Jaysin's Song passed the 25,000 word mark this morning, a quarter of the draft novel completed.
Word length is an interesting challenge when writing. From the outset, way back in 1990, I was advised a fantasy novel should be around 150,000 words. Why? I honestly don't know. I remember, at the time, being told multiple reasons: traditional practices (whatever that meant), reader expectation, print binding issues. As time proves, none of those reasons are valid. Probably the only validity for why a novel is a certain length is the story being written.
Research and industry practice identifies the following divisions when determining the form of a creative prose fiction piece:
For The Last Wizard series, the word length of each novel is determined predominantly by the story being written, and partly for consistency. The original novel, now first in the series, was 98,000 words, so I've set a similar target for the subsequent novels. In unedited draft, for example, Chasse's Song is currently 93,000 words, which gives me space to add and embellish aspects when I do the next edit of the draft.
A word length target also provides a level of discipline to the writing process. For this project, the chapter lengths are set loosely at 3,000 words. This compels me to ensure each chapter is focused on a specific aspect of the story eg a day, an event, a key moment, even a sequence of fast-paced events that make a whole event. The discipline enables me to progress the story/plot in 'logical' chunks (the word 'logical' isn't exactly accurate to describe the aggregate parts of the story), and sets me progressive challenges to meet when I write. In the same way, at a macro level, an overall word length creates a project target and challenge to meet, and forces me to focus my thinking of the story as a whole.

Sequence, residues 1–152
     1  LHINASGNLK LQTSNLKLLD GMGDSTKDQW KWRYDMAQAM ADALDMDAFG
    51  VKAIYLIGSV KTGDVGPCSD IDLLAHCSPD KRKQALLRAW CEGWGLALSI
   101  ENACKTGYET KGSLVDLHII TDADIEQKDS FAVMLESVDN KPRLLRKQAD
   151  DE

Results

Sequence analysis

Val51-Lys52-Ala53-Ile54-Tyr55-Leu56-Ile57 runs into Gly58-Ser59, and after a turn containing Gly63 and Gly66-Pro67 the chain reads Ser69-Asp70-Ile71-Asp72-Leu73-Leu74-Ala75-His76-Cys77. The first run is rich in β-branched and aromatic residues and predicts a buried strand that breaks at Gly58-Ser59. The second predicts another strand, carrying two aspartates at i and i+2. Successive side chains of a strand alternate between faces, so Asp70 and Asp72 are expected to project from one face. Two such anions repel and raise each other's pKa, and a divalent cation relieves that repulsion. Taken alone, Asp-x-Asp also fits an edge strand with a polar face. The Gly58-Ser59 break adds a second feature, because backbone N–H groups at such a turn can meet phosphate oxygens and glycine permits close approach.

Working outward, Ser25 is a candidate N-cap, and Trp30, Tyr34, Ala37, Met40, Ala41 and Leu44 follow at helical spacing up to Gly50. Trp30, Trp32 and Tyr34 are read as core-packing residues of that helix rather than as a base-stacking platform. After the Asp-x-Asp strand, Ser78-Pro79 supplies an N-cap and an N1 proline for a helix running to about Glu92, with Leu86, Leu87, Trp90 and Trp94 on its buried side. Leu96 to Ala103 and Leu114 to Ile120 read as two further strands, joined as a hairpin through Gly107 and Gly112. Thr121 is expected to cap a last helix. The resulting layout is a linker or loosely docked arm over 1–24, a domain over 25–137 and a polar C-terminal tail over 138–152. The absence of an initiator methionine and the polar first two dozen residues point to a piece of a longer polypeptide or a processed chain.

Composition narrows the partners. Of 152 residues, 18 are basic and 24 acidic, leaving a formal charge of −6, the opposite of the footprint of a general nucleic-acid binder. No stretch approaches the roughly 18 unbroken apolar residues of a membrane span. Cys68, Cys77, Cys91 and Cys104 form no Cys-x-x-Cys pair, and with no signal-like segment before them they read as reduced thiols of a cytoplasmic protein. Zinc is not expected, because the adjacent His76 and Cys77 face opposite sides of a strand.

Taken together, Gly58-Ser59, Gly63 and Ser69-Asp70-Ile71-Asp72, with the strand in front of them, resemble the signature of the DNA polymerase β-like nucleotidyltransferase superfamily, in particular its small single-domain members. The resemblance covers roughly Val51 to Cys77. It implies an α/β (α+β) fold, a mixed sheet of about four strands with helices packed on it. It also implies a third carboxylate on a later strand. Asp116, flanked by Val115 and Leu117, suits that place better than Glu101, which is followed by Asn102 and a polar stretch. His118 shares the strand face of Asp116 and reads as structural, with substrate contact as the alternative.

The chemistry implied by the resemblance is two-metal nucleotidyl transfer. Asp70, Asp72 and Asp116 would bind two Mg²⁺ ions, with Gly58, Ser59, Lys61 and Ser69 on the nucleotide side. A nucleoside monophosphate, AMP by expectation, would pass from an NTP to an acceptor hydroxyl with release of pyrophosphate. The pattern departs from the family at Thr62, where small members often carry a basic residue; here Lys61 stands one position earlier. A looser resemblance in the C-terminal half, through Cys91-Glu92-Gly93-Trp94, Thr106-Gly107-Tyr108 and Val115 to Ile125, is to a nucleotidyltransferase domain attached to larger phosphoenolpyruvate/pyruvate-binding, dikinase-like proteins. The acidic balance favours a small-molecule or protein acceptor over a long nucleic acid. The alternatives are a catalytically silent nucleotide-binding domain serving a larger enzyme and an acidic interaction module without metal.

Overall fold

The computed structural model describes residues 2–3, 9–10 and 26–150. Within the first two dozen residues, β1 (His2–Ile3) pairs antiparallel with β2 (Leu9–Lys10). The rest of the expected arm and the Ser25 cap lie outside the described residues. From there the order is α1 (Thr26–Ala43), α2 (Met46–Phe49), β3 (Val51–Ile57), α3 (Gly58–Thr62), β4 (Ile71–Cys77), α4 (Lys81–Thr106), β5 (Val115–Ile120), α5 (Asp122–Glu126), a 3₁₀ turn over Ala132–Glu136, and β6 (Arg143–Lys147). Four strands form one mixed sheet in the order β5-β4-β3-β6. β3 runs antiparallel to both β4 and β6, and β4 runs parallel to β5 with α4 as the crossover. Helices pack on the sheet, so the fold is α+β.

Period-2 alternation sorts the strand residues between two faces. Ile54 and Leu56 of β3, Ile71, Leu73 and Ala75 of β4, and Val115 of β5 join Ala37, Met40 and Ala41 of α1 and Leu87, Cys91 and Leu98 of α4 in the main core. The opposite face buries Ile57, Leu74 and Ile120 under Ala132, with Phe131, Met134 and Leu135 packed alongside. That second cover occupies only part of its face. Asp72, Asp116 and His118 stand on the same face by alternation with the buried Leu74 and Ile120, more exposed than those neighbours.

Given that I work fulltime (and more), and the precious nature of time to write, word targets serve a powerful goal and sustainer in the writing process for me. They can be as arbitrary as challenging myself to write 10,000 words in a week (almost unachievable in my circumstances), 3,000 words at a sitting (ie a chapter or a couple of sittings - a common approach for me), and they allow me to predict a timeframe for completing a draft. In the case of this current project, this past week saw an additional 5,000 words added. At that pace, Jaysin's Song is a 20 week drafting project. The Last Wizard four book project then would represent 80 weeks for draft completion at that pace. Then there is re-reading and editing and editing again. Writing fulltime, as I did for the original novel back in 1993 on leave fom teaching, the 98,000 word project took 10 weeks to draft.
Out of curiosity, since starting this blog project, the blog posts from Dec 2018 represent 24,000 words of writing.
Writing is my passion. Ideas, opinions, beliefs, experiences expressed through language - through words and images - pervade and create my life. Writing is my voice, my soul, my self. My dream is one day writing will sustain my life...